Unequal Partners: A Primer on Globalization

Unequal Partners: A Primer on Globalization

by William K. Tabb
     
 

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We know that globalization has sent labor from industrialized countries to the Third World, where workers are paid far less. But do we know the effect of the global market on education, the spread of AIDS, and the costs of basic medicines? In clear detail, Unequal Partners shows how the merger of corporate and governmental interests has sacrificed public

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Overview

We know that globalization has sent labor from industrialized countries to the Third World, where workers are paid far less. But do we know the effect of the global market on education, the spread of AIDS, and the costs of basic medicines? In clear detail, Unequal Partners shows how the merger of corporate and governmental interests has sacrificed public health and the environment for profits. The book also provides a blueprint for resistance by describing “globalization from below”: the coalition of movements that has been increasingly effective in influencing corporate and governmental behavior worldwide. Unequal Partners is for anyone who wants to understand how to keep the escalating forces of globalization in check.

Editorial Reviews

Publishers Weekly
The world is heading toward "corporate globalization," according to Queens College economics professor Tabb. Multinational entities use unrestrained economic power to decide political, social and ethical questions. Like the global justice movement, the loose coalition of protesting groups whose exploits Tabb reviews in the opening chapter, the book itself conveys a deep, energetic opposition to unbridled corporate power, but isn't always able to articulate clear policy positions. It comes out against many things, e.g., AIDS, environmental destruction, cultural homogenization, poverty, money laundering and exploitation. These problems are described only in broad strokes, without a discussion of solutions. Also absent is the admission that choices have to be made: labor unions often disagree with environmentalists, for example, and standard-of-living issues sometimes conflict with the survival of indigenous cultural practices. Tabb's discussion focuses entirely on enemies: governments that don't stand up for justice, corporations and multinational entities that are accountable only to an undefined elite, and individual decisions (as represented in elections and free market choices) that are antithetical to the idea of civil society. This is a book for energizing people who believe in good guys and bad guys and already know who's who. (May 1) Forecast: There's no strong selling angle for this book. The author's The Amoral Elephant covers the same ground, and Marjorie Kelly's The Divine Right of Capital offers a stronger argument of Tabb's position. Copyright 2002 Cahners Business Information.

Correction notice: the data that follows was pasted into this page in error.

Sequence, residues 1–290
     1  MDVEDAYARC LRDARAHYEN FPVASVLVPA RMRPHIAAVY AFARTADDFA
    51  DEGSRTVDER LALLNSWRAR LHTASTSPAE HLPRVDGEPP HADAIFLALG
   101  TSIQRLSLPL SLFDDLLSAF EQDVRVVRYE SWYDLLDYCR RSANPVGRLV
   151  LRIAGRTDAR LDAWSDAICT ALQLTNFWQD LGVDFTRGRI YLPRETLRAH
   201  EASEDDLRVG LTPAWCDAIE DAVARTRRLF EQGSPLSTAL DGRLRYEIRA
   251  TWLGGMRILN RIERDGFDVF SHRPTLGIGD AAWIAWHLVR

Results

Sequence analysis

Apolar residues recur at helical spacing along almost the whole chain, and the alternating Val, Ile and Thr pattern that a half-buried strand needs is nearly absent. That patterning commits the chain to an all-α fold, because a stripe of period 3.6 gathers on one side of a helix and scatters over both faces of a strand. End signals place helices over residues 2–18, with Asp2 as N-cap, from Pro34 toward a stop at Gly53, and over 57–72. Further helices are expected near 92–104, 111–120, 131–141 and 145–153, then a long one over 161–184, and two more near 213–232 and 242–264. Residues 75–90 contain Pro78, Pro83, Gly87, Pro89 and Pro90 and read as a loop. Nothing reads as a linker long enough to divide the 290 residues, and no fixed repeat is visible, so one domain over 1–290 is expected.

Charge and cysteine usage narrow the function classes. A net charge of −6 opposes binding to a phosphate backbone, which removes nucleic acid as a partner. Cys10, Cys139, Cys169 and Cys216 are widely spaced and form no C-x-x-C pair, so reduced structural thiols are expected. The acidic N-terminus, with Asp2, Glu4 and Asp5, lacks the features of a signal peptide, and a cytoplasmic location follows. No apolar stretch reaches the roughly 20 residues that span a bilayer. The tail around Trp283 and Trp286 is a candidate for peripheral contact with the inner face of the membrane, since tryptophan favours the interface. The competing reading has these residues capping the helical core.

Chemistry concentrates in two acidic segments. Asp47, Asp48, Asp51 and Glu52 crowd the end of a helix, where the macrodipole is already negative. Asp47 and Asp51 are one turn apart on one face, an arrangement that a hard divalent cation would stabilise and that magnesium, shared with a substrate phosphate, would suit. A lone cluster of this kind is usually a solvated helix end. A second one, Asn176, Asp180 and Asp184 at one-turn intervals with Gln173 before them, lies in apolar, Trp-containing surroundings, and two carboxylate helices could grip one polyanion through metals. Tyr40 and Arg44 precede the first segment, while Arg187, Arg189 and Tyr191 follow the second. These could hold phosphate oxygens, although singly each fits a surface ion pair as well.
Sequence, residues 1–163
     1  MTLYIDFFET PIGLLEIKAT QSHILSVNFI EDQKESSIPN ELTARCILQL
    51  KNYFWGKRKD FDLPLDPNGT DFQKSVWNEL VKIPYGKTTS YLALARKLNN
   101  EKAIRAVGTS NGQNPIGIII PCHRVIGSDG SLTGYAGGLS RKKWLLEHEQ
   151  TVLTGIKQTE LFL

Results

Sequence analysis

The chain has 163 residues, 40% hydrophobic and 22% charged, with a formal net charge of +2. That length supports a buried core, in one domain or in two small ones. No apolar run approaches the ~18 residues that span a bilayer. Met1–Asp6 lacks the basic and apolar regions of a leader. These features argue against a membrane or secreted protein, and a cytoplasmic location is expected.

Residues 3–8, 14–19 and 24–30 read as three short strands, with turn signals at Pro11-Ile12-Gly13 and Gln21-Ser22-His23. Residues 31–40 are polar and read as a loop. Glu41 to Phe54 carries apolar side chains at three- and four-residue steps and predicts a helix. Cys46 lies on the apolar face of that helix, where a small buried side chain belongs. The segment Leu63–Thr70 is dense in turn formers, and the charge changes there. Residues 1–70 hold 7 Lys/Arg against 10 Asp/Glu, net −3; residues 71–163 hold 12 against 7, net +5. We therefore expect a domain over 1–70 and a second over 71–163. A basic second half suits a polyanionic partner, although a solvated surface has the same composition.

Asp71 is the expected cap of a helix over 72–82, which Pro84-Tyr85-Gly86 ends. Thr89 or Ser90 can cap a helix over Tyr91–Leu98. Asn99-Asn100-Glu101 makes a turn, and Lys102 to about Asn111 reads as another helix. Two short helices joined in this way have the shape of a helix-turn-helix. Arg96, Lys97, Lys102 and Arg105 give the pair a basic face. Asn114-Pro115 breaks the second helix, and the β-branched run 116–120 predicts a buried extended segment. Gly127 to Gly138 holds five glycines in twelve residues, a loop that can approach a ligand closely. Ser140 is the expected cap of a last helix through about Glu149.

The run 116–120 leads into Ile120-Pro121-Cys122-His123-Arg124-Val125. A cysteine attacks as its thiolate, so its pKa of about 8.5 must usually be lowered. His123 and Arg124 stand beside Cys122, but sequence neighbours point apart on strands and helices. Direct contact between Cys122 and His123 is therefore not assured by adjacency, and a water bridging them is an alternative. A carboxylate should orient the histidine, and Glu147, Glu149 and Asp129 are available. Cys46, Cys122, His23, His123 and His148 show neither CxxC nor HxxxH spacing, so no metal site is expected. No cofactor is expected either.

Library Journal